ORLANDO, Fla. (FNN NEWS) — Florida Soil and Water Conservation District Supervisor Daisy Morales toured miles of wetlands at the Orlando Wetlands Park in east Orange County, on Wednesday, March 29, 2017.
Supervisor MORALES’s Mobile Office Visits Christmas, Florida
Supervisor Morales’s Mobile Office continues to visit cities and towns within Orange County to meet with individuals and government officials on conservation issues. Morales retired from the U.S. Government after 23 years of service. She was elected countywide in 2014 to serve on the Orange Soil and Water Conservation Board of Supervisors for a four-year term. She is responsible for working in collaboration with private landowners, community groups, city, county, state and federal agencies in preserving and protecting natural resources in Orange County.
Friends of Orlando Wetlands Volunteers
During a three-hour tour arranged by Friends of Orlando Wetlands, volunteers Randy Snyder, Mary Keim, Jackie Rolly, and Cecelia Carey embarked on an environmental adventure to showcase to Supervisor Morales aquatic plants, wildlife habitat and the reclaimed water system at the Orlando Wetlands Park in Christmas, Florida.
Orlando Wetlands Park Cleans Our Water
This video explains how the Orlando Wetlands Park maintains nutrient removal capabilities through Wetland Renovation. Video courtesy of the City of Orlando
Reclaimed Water Systems
For over 24 years the Orlando Easterly Wetlands (OEW) has been in continuous operation, polishing more than 126 billion gallons of reclaimed water. The reclaimed water is pumped through a 17-mile-long pipeline from the Iron Bridge Regional Water Pollution Control Facility located in Oviedo, Florida. Iron Bridge is the City of Orlando’s largest wastewater treatment plant permitted to accept and treat up to 40 million gallons per day. Nearly 70 percent of Iron Bridge’s discharge flow is directed to the OEW.
Once the reclaimed water enters the OEW, 1,200 acres of wetlands efficiently remove nitrogen and phosphorus from the flow. As the marshland plants grow, they sequester phosphorus and use it for biomass growth, thereby removing it from the water. When the plants die they fall into the water, building up the bottom of the wetland cells. Buried in all of this organic biomass and debris is an accumulation of phosphorus which at some point will need to be removed.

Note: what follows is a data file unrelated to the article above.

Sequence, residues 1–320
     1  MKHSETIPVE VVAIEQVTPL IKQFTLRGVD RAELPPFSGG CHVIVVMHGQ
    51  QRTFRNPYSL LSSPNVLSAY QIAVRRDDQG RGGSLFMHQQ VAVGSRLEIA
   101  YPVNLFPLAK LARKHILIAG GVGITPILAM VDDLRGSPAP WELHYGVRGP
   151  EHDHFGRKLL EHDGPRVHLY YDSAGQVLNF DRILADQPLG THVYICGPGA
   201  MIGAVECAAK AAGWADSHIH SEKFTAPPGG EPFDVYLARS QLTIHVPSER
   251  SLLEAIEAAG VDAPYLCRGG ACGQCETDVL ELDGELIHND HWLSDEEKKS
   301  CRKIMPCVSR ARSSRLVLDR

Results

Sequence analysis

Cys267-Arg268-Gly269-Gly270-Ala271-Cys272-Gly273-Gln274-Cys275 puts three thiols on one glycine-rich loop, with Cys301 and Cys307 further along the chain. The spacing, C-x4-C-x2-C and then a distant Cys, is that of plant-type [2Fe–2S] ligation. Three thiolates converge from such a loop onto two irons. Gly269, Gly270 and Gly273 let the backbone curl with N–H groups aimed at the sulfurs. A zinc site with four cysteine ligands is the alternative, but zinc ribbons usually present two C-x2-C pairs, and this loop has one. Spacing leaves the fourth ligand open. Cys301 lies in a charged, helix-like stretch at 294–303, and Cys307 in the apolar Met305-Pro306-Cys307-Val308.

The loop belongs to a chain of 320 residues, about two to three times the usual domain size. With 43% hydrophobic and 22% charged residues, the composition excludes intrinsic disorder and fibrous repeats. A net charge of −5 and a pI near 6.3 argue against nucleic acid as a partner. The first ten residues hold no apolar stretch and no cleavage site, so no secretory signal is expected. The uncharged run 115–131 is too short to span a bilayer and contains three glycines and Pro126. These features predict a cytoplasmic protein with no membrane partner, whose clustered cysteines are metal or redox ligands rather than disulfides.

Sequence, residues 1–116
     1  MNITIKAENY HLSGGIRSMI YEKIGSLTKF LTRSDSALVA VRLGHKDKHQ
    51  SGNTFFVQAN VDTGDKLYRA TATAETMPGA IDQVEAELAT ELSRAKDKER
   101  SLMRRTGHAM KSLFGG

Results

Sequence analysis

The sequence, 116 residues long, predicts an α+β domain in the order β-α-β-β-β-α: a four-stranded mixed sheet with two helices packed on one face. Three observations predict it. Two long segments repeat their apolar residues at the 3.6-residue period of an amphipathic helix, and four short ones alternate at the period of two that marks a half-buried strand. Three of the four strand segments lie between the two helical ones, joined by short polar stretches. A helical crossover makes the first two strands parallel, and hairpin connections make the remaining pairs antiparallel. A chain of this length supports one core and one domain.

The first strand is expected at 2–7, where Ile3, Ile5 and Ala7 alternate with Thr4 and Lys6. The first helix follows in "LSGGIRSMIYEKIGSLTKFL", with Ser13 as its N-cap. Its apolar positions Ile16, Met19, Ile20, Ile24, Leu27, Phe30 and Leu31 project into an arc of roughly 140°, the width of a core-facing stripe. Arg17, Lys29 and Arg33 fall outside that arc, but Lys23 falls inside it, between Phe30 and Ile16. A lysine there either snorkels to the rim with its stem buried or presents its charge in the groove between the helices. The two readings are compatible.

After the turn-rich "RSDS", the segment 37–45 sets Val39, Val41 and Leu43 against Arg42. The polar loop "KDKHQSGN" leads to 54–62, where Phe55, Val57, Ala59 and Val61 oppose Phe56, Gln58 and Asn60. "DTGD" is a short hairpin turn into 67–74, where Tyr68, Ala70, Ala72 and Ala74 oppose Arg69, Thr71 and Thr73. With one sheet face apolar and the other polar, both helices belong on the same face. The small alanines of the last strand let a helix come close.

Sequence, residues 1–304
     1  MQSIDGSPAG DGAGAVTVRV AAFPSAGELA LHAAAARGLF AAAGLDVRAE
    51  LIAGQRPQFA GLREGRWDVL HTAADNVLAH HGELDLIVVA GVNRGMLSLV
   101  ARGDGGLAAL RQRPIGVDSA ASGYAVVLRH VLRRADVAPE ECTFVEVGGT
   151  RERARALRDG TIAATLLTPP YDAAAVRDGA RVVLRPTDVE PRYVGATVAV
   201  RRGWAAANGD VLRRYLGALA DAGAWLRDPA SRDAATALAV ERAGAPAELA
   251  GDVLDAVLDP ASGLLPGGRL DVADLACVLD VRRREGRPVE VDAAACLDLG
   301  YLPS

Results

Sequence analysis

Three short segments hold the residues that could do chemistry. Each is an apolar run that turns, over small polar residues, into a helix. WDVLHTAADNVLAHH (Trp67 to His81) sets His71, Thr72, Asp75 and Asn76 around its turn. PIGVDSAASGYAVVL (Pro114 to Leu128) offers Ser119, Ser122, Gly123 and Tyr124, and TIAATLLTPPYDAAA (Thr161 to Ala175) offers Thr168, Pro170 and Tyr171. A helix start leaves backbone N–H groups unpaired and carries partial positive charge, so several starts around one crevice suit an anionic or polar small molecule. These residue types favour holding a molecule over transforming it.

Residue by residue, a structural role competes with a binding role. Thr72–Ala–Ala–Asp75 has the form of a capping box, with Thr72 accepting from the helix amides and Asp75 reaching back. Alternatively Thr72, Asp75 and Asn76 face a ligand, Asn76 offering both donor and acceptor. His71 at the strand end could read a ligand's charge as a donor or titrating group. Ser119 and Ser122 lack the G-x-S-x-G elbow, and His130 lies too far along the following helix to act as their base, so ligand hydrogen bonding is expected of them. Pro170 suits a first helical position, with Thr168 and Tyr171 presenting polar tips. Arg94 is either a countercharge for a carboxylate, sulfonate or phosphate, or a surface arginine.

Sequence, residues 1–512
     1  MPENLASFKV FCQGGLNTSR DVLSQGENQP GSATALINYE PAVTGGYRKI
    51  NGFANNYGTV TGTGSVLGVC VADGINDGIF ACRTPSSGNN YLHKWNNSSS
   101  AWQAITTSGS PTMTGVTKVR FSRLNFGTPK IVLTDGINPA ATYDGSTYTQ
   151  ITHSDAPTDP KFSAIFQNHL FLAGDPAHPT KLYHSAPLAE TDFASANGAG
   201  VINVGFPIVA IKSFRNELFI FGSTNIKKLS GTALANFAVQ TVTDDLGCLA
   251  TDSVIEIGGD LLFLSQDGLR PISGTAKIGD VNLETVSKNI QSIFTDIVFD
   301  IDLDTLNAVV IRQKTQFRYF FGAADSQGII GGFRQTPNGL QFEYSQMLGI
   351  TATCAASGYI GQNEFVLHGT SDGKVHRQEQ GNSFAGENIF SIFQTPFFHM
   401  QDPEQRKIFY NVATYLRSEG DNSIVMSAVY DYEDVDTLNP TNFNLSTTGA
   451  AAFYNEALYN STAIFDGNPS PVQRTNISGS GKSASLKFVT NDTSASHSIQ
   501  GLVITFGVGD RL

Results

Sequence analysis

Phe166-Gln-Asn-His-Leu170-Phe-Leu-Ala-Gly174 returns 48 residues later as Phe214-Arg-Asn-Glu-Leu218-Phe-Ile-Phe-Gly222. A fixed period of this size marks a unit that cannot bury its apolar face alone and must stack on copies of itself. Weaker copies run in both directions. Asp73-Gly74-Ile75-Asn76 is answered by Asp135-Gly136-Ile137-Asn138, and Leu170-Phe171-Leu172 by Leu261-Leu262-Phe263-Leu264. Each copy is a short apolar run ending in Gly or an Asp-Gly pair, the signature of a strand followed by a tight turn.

- No pets are allowed with the exception of horses.
- Leave your car in the parking area and enjoy a peaceful walk. Motorized vehicles are prohibited.
- Bicycles are restricted to the unpaved, elevated berm roads that crisscross the artificial wetlands and must yield the right of way to pedestrians.
- Bicycles are not allowed on the hiking trails, road shoulders or in the woods.
- Fishing, swimming and boating are prohibited.
- Camping and cooking fires are not allowed on the property.
- Be prepared for primitive hiking by bringing water, sun protection, comfortable shoes and insect repellant.
- A cooler of cold drinks and snacks will be a welcome treat after your long walk.
- Please help us keep the park clean by removing all trash, which you produce during your visit.
- Be considerate of others. Loud noises frighten away wildlife. Leave radios at home.
- Keep wildlife on the wild side. Don’t harass or feed the animals.
- Leave wildflowers and plants for others to enjoy. No collecting of living plants or animals is allowed.
- No alcoholic beverages are allowed.
Florida Soil and Water Conservation District Supervisor Daisy Morales can be reached at: firstname.lastname@example.org or visit moraleselected.wix.com/news
Florida National News reporter Willie David can be reached at email@example.com